R v Kennedy [2007]

R v Kennedy [2007] UKHL 38 is a significant House of Lords case on manslaughter in English criminal law, establishing a legal principle that a person who supplies a controlled drug to a fully informed and responsible adult, resulting in the individual's death due to voluntary administration of the drug, cannot be guilty of manslaughter.

Simon Kennedy supplied heroin to Marco Bosque, who voluntarily administered the drug and subsequently died. Kennedy was initially convicted of manslaughter and supplying a Class A drug. However, the House of Lords overturned the conviction, emphasising the distinction between the act of supplying drugs and the subsequent voluntary administration by the recipient.

The Lords clarified that unlawful act manslaughter required the defendant's commission of a crime, significant causation of the deceased's death, and a dangerous act or significant harm. While Kennedy had committed the crime of supplying drugs, the act itself could not be the foundation for unlawful act manslaughter unless it directly caused harm, which, in this context, depended on Bosque's subsequent use of the drugs.

The Crown Prosecution Service argued that Kennedy could be charged with maliciously administering poison under Section 23 of the Offences Against the Person Act 1861. However, the Lords rejected this argument, stating that an informed and voluntary choice, such as Bosque injecting himself, constituted a novus actus interveniens, breaking the chain of causation. Kennedy's actions did not cause Bosque to administer the drug, and therefore, Kennedy was not criminally liable for manslaughter. The Lords also highlighted that Bosque's act of injecting himself was not a criminal offence under the Misuse of Drugs Act, and Kennedy's supply of the drug did not amount to accomplice liability.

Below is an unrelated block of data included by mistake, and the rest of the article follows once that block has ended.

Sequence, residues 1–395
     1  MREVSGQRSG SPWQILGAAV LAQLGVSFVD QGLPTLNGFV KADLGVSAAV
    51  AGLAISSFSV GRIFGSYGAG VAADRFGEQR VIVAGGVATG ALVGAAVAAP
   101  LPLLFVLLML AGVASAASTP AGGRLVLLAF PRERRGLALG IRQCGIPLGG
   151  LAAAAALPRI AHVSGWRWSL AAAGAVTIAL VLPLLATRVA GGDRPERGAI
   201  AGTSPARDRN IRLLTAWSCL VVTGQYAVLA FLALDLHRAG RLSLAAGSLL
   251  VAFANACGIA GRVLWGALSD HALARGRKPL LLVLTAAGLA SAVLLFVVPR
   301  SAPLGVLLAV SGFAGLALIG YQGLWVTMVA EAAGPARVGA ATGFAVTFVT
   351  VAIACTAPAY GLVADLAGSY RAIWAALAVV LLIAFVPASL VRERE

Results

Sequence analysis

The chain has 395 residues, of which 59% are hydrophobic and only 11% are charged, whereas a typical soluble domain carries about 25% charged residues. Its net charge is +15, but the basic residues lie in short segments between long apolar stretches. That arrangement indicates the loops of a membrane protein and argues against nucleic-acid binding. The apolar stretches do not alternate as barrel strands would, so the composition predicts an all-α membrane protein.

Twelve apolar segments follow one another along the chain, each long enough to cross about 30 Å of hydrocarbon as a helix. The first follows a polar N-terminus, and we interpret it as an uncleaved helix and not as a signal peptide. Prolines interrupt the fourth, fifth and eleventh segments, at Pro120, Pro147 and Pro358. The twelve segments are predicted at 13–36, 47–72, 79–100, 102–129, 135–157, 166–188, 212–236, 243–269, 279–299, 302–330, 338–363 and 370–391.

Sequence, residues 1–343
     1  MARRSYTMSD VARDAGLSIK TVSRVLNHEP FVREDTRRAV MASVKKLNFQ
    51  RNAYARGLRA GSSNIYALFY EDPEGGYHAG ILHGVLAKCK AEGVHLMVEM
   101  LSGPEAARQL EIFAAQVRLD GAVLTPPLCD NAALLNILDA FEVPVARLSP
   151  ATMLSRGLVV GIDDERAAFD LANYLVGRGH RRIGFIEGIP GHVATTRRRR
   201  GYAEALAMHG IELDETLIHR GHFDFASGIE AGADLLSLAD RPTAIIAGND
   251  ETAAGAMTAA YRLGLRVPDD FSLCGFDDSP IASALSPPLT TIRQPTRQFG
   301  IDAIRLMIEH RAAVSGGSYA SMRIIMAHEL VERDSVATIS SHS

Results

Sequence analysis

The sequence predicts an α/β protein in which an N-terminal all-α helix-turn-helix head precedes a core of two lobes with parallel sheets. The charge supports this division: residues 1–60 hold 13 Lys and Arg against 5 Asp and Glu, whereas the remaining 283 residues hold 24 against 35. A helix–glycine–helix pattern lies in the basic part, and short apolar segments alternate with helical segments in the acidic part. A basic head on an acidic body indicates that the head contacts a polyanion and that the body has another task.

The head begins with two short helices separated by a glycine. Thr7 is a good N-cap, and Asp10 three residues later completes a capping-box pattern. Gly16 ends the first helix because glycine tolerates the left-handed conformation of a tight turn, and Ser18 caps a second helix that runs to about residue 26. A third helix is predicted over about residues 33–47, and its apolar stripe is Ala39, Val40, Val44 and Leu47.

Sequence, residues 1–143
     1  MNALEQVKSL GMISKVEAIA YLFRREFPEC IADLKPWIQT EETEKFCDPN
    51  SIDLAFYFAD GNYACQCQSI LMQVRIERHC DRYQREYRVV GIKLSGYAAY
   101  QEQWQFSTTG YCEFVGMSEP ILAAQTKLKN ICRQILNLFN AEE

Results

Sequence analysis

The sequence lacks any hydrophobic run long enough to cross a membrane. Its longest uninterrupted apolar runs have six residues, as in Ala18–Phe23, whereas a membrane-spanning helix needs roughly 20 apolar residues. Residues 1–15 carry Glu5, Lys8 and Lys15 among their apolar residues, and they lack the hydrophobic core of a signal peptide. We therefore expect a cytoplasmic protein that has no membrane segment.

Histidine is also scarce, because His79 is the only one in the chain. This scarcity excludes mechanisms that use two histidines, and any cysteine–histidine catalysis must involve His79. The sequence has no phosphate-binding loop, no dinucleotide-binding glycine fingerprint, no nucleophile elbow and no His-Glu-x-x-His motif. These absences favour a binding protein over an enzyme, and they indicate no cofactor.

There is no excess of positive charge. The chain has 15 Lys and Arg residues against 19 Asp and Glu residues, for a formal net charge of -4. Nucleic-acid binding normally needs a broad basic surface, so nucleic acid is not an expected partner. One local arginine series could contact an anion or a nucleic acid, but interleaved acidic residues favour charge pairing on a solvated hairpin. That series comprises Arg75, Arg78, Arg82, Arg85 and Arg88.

In conclusion, the House of Lords quashed Kennedy's conviction for manslaughter, emphasising the legal principle that the supplier is not criminally responsible when a fully informed and responsible adult voluntarily administers a controlled drug, leading to their death.
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